Covering the Cost of Healthcare without Employer Assistance

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For people who are unemployed, under-employed or self employed, lack of health insurance can be a headache. It’s hard to stay healthy while looking for a job when anxiety about healthcare can be overwhelming and it’s even worse when you’re trying to provide coverage for a family.

Dr. David Thompson explains the danger of this cycle, "If you don't have health insurance, your whole approach to health care changes. You don't want to see doctors, you don't want to have tests done." Patients wait until a little problem is a big problem and wind up in the emergency room facing large unexpected expenses.

Consider the following options to control your health care costs without having to sacrifice the services you need:

Self-pay –If you inform the doctor ahead of time that you will be paying out of pocket instead of through an insurance company the costs are significantly cheaper. Doctors have to pay filing fees and additional expenses just to work with insurance companies so they save money when you pay yourself and most doctors pass those discounts on to their uninsured patients. Several states and hospitals are also authorizing self testing practices where patients don’t need a doctor to authorize common tests like cholesterol screens.

Carry yourself – You can opt to pay for an insurance plan yourself. Look online or contact a consultant in your community to help you find an insurance plan that works for you. Check the coverage and providers before you sign on to anything. Look at the deductibles and the co-pays and see if you can fit those into your budget with the coverage costs as well. You might have to settle for supplemental insurance instead that won’t provide full coverage but will at least curb the costs.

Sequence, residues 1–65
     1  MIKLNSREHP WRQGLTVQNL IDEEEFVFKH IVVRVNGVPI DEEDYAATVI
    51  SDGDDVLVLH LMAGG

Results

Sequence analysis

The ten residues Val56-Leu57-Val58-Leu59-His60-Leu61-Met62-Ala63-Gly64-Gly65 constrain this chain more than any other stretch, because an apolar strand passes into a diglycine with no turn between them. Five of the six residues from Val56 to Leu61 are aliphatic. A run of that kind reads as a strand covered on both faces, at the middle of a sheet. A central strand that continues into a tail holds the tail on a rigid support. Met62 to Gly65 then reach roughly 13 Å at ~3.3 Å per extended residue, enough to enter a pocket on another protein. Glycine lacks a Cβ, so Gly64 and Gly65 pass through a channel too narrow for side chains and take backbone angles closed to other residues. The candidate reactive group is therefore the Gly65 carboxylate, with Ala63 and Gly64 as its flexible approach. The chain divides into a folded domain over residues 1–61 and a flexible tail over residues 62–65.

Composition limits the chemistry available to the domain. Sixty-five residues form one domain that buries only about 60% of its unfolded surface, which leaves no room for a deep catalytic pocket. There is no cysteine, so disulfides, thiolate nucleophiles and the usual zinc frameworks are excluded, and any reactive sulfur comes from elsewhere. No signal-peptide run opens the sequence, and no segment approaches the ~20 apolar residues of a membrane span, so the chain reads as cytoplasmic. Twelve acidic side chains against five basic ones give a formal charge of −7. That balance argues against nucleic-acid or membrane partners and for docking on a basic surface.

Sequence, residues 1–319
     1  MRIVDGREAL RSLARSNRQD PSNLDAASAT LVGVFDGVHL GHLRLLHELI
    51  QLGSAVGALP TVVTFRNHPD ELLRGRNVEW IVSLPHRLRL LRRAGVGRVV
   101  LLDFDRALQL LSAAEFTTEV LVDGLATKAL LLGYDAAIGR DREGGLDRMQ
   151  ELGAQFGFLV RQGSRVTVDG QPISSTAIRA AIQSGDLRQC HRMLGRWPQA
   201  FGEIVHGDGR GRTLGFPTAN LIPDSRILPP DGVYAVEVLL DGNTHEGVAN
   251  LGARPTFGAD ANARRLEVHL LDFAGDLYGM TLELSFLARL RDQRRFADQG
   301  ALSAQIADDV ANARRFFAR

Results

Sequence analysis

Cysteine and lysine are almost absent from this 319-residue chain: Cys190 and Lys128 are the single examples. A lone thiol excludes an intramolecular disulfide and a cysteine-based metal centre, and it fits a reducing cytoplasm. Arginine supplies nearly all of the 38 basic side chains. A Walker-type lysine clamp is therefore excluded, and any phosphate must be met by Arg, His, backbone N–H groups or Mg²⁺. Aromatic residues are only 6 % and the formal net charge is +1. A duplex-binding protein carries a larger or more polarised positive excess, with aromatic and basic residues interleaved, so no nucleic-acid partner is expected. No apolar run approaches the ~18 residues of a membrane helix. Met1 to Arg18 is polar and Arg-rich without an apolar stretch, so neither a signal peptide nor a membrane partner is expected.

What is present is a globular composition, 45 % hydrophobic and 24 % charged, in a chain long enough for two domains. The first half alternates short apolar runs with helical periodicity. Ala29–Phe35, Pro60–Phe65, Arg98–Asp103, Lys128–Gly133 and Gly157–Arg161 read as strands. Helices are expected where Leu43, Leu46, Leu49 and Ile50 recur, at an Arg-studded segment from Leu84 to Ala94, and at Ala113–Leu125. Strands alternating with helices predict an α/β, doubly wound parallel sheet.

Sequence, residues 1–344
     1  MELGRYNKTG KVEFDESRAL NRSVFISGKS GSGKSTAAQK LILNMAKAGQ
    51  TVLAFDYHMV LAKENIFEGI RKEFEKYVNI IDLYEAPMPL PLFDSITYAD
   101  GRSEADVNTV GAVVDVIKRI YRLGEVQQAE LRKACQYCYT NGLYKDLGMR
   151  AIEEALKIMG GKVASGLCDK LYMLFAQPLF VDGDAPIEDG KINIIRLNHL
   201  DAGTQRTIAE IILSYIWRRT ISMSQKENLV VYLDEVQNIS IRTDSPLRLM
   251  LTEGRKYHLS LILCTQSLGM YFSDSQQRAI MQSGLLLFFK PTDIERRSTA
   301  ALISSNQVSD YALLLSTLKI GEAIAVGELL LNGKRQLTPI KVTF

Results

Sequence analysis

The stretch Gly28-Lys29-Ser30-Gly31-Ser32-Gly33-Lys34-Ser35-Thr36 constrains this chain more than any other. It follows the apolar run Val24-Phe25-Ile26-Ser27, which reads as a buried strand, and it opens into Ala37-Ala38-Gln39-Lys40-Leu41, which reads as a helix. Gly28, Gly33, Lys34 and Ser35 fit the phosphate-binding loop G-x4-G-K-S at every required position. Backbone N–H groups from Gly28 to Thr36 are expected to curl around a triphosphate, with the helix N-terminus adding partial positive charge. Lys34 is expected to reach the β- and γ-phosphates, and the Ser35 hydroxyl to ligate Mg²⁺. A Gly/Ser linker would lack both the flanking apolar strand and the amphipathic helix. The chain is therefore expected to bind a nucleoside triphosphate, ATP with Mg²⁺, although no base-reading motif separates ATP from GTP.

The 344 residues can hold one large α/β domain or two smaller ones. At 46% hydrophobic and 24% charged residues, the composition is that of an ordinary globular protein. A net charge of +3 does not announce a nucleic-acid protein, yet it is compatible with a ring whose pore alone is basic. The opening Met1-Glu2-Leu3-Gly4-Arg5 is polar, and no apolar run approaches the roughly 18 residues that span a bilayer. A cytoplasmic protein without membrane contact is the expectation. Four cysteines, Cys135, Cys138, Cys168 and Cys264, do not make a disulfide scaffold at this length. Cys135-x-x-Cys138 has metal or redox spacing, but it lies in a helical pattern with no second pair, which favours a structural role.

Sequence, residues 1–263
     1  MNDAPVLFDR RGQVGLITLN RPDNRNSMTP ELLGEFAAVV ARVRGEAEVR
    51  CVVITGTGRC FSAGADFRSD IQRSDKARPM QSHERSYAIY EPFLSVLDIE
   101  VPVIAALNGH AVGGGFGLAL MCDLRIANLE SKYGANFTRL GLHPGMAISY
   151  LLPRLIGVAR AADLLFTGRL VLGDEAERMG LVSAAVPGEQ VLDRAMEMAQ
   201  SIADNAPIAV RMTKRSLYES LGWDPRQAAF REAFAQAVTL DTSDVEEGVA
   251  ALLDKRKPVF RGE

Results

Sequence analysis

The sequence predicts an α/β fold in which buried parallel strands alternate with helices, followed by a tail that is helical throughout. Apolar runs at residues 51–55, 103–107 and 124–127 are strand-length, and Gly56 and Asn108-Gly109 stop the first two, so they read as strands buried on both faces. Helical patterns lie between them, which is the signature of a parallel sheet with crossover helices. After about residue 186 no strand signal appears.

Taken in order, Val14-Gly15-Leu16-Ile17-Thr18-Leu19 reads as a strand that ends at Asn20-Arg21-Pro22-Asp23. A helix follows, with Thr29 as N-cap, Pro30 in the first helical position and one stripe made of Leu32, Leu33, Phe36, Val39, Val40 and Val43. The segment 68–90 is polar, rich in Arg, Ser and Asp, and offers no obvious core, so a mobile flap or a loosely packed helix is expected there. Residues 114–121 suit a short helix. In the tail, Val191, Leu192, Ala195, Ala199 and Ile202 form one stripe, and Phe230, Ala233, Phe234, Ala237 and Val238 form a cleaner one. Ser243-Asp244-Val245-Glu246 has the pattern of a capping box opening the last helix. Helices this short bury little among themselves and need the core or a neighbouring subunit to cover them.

Health Savings Account - An increasingly popular alternative to health insurance is a health savings account which allows you to deposit money income tax free for later spending. You can draw money for health related expenses without being taxed. If you withdraw money for unauthorized expensed you will be subjected to taxes and penalties but the upside is you still get to keep the money if you’re generally healthy and don’t need to spend it on medical expenses.

Co-Op it – An alternative to large health insurance providers are health insurance co-ops. Groups of people all pitch in together to help lower health care costs for everyone. Often members contribute a certain amount, similar to a deductible, then draw from collected funds to cover expenses beyond that amount. Non-profit member funded insurance companies were popular in the 1930s but lost government support in 1947. Now Congress has authorized $3.8 billion in federal funding available as loans to cover CO-OP start-up costs and grants.

State Assistance - State benefits vary but there are many programs to help people in need stay healthy. Children and the adults they depend on, the elderly or people with disabilities can qualify for special programs aside other than Medicare. Be prepared to produce a plethora of paperwork and encounter an obscene amount of red tape. It’s a blessing though when you’ve run out of all other options.

It’s hard to tell what will work best for you until you start to do a little digging. No one says you have to stick with just one though. Mix and match until you find the right combination of cost and coverage for you. Remember that health related expenses can be tax deductible so save your receipts and ask your accountant what you can write off.

Do you have health insurance or a plan for if a medical emergency comes up? Comment with your thoughts and experiences.

By Heather Fairchild - Heather is a multimedia developer with experience in web, film, photography and animation as well as traditional fine arts like painting and sculpting. In addition to writing for Nexxt, she is co-founder of design and promotion company. Heather’s spare time consists of making puppets, teaching Sunday School, building Legos and doing science experiments with her children.

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